The FaSoLa Cafe

Through shapenote singing / Sacred Harp friends, pointers to the FaSoLa Cafe in Narita Airport (Tokyo):


Our shapenote music is sometimes called fasola music, after the names of first three notes of the major scale in our singing tradition — fa so la fa so la mi fa. (And our fasola is related to the names of the fourth, fifth, and sixth notes in the standard solfège scheme: do re mi fa so la ti do.)

So: music and food, in particular Japanese-inflected Western food.

From Dennis Smith’s blog on 4/13/17, “The one about FaSoLa Cafe Coffee & Beer @ Narita Airport”:

After you go past the major fine restaurants at Narita Airport, as you continue to walk towards your connecting international flight, you’ll find several restaurants that are inexpensive.

One of them is FaSoLa Cafe Coffee & Beer near the connection of the main and satellite buildings in Terminal 2.  The area offers a great view of numerous aircraft and the interior is a great place to eat and relax.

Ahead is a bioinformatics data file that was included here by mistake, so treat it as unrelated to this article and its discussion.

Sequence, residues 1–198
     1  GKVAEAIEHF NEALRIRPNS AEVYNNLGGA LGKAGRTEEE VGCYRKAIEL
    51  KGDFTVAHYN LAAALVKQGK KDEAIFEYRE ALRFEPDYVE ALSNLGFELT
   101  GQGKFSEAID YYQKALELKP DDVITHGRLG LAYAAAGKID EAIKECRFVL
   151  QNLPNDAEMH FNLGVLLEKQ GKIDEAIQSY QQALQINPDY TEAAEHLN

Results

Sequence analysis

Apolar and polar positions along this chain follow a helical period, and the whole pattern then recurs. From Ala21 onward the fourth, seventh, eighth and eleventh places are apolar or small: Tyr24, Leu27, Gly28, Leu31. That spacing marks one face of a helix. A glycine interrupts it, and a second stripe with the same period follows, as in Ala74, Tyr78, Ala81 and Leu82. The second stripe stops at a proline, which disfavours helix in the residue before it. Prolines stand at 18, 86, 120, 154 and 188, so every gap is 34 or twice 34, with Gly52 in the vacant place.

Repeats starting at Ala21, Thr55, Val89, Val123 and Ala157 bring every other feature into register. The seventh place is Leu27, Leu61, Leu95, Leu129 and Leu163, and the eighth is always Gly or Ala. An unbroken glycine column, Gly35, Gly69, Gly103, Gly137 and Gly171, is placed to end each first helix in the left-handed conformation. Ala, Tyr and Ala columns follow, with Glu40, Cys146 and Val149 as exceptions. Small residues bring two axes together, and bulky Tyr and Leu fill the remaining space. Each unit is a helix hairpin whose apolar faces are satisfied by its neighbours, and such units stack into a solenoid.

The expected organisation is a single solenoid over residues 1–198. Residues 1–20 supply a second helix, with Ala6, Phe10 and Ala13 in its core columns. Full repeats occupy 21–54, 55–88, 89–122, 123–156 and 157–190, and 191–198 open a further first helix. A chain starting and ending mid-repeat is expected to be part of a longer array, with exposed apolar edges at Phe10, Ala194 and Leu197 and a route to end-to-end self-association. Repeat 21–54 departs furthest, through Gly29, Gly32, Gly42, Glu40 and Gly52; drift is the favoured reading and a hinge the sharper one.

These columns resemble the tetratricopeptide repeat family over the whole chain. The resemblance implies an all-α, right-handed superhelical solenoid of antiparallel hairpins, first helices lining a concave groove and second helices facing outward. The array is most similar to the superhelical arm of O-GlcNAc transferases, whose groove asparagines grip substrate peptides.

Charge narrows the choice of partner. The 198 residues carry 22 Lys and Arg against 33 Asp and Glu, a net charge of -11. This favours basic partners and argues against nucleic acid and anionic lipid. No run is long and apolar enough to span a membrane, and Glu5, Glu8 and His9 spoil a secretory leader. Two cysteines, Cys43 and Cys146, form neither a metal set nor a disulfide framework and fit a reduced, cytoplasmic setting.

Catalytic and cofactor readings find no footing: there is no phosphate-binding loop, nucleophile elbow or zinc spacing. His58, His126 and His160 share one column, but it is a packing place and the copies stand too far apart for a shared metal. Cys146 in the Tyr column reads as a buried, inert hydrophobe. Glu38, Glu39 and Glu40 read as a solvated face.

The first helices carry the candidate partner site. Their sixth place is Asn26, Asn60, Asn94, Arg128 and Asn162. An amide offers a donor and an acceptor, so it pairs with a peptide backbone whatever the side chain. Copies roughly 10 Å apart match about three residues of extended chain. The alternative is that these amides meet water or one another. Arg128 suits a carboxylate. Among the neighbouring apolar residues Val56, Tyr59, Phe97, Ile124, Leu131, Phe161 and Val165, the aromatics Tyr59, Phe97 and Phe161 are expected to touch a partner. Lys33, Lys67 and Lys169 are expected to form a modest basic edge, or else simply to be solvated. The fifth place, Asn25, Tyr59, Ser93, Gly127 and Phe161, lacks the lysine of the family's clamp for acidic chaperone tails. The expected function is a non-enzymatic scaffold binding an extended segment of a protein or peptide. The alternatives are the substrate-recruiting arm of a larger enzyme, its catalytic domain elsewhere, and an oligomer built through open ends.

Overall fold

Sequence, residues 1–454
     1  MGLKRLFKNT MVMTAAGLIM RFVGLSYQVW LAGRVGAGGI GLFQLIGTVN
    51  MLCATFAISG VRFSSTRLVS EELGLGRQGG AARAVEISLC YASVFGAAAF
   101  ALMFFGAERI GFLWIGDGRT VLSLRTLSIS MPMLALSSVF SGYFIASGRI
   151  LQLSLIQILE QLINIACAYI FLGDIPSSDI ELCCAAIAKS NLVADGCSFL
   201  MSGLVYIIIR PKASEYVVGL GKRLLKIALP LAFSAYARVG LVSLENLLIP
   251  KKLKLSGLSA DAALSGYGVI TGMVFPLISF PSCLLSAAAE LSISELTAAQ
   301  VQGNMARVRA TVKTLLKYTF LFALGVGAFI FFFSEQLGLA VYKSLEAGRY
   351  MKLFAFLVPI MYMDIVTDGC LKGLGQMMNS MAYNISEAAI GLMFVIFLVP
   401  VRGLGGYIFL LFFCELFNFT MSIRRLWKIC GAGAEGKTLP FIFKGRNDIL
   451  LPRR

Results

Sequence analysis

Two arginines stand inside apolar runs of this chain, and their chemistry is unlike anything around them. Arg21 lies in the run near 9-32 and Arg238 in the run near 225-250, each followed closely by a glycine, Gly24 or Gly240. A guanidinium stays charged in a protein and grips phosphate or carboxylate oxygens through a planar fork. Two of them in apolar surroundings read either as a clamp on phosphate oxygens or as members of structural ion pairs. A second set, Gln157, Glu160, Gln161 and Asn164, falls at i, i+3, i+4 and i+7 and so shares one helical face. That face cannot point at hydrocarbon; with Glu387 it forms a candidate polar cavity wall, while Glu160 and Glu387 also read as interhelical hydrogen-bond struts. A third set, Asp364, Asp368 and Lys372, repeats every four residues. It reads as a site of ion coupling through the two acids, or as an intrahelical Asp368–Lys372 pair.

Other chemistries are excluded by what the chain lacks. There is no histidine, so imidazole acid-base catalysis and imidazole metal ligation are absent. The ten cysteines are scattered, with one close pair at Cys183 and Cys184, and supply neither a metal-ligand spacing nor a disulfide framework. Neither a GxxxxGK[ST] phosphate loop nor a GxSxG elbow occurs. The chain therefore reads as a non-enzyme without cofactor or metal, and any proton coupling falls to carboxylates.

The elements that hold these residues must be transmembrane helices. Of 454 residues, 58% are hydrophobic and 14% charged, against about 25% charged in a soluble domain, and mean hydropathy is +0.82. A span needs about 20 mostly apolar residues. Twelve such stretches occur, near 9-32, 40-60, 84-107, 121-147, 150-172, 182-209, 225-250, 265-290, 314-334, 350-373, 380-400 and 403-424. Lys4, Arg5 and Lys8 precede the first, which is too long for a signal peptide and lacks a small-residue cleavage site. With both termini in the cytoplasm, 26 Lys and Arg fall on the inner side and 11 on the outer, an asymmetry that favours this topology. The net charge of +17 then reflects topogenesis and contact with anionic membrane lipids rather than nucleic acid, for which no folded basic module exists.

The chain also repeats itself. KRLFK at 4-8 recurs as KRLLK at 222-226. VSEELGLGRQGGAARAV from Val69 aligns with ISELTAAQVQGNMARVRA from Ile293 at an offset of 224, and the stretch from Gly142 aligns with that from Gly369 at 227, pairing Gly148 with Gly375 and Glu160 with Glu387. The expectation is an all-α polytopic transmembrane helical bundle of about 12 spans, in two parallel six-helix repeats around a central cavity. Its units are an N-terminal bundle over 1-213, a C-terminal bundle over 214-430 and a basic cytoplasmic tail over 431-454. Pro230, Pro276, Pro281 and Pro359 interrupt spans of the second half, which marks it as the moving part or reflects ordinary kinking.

FaSoLa is the largest duty free retailer at Narita Airport.  The company started in 2014 and started with 10 existing stores and now they have 80 shops including seven new stores which opened in Terminal 3 in 2015.

You can grab water, soda, coffee, beer, whiskey, cocktails and a wide selection of meals.

After a lot of waiting at Narita Airport and waiting to get into Terminal 2, finding FaSoLa Cafe was quite pleasant because I could use up all the yen coins I still had with me.  And needed to use them up, as I didn’t want to carry that many coins with me back to the U.S.

I ended up ordering a pizza and like all Japanese pizza I have eaten in Japan, you’ll often find corn on it.  And I ordered a side of garlic potatoes, which were delicious.

  (#2) Japanese-style pizza at FaSoLa; note corn

… If you are wanting inexpensive comfort western food with a Japanese twist, give FaSoLa Cafe Coffee & Beer at Narita Airport a try!

The company’s website (linked to above) has lots of information, but nothing about why they chose the name they did. Maybe it just struck them as characteristically “Western”.

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